If you have a site-specific label_encodings file, the file must be checked and installed before other configuration tasks can be started. If your site does not have a label_encodings file, you can use the default file that Oracle supplies. Oracle also supplies other label_encodings files, which you can find in the /etc/security/tsol directory. The Oracle files are demonstration files. They might not be suitable for production systems.

    To customize a file for your site, see Oracle Solaris Trusted Extensions Label Administration.

  3. From the list of labels in your label_encodings file, make a list of the labeled zones that you plan to create.

    For the default label_encodings file, the labels are the following, and the zone names can be similar to the following:

    The table displays the full label names and suggested zone names.
    Zone Name

    Note - The automatic configuration method creates the public and needtoknow zones.

    For ease of NFS mounting, the zone name of a particular label must be identical on every system. Some systems, such as multilevel print servers, do not need to have labeled zones installed. However, if you do install labeled zones on a print server, the zone names must be identical to the zone names of other systems on your network.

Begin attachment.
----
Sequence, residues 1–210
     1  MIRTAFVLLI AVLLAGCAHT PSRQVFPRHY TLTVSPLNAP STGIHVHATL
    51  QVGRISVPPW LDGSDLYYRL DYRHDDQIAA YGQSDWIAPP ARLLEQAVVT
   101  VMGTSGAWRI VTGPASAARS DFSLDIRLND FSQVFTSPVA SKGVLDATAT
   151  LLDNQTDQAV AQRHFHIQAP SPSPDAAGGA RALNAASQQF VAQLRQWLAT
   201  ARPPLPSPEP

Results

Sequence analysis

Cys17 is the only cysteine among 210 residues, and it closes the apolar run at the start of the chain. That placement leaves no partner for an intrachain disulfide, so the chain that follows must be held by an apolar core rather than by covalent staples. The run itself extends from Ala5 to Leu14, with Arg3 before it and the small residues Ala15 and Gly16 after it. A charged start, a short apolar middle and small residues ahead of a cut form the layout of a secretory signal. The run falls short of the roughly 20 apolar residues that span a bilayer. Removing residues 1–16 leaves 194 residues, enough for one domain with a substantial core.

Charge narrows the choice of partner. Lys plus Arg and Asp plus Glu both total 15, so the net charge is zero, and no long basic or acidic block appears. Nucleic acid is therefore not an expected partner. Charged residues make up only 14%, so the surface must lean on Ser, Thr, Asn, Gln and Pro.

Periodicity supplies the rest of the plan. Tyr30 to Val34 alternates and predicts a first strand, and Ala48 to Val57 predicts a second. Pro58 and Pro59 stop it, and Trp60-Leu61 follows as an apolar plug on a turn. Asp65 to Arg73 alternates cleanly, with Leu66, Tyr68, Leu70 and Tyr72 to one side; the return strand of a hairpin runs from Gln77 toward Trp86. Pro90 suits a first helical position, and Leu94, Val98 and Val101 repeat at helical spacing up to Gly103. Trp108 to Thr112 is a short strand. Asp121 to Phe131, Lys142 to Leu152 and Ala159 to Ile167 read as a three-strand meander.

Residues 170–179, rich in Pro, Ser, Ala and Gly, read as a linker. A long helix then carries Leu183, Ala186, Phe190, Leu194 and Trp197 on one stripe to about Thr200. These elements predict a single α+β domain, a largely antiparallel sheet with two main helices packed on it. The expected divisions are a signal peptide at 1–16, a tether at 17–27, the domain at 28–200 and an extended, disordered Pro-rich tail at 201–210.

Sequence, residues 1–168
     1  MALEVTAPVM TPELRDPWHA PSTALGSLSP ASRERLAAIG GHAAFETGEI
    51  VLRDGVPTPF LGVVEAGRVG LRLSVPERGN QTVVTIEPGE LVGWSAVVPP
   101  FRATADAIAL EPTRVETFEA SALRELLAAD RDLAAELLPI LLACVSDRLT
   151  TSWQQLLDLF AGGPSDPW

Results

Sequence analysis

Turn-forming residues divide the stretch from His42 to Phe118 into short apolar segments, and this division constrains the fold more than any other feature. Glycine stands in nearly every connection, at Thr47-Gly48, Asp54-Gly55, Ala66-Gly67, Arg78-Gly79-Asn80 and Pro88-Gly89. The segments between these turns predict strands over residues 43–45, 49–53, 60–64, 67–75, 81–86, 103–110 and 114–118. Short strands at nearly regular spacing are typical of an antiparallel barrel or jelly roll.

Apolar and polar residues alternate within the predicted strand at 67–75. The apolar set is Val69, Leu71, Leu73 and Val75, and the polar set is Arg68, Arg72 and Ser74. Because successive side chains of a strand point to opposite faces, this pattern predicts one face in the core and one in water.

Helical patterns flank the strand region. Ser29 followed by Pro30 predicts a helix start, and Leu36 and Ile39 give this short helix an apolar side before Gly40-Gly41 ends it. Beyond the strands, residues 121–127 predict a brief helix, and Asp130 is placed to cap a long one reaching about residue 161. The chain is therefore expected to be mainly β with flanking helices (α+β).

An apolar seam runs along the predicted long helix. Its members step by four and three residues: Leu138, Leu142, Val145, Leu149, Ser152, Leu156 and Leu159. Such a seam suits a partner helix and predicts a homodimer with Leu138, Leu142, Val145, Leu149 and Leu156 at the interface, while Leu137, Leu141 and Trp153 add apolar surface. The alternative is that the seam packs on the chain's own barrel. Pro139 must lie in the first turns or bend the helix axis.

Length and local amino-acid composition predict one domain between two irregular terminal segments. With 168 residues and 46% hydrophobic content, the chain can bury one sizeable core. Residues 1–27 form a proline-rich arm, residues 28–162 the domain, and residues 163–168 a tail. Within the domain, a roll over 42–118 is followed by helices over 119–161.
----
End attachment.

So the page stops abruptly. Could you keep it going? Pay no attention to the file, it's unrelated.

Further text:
4. Decide when to create roles.

    Your site's security policy can require you to administer Trusted Extensions by assuming a role. If so, or if you are configuring the system to satisfy criteria for an evaluated configuration, you must create additional roles early in the configuration process.

    If you are not required to configure the system by using discrete roles, you can choose to configure the system in the root role. This method of configuration is less secure. The root role can perform all tasks on the system, while other roles typically perform a more limited set of tasks. Therefore, configuration is more controlled when being performed by the roles that you create.

  5. Decide other security issues for each system and for the network.

    For example, you might want to consider the following security issues:

    • Determine which devices can be attached to the system and allocated for use.

    • Identify which printers at what labels are accessible from the system.

    • Identify any systems that have a limited label range, such as a gateway system or a public kiosk.

    • Identify which labeled systems can communicate with particular unlabeled systems.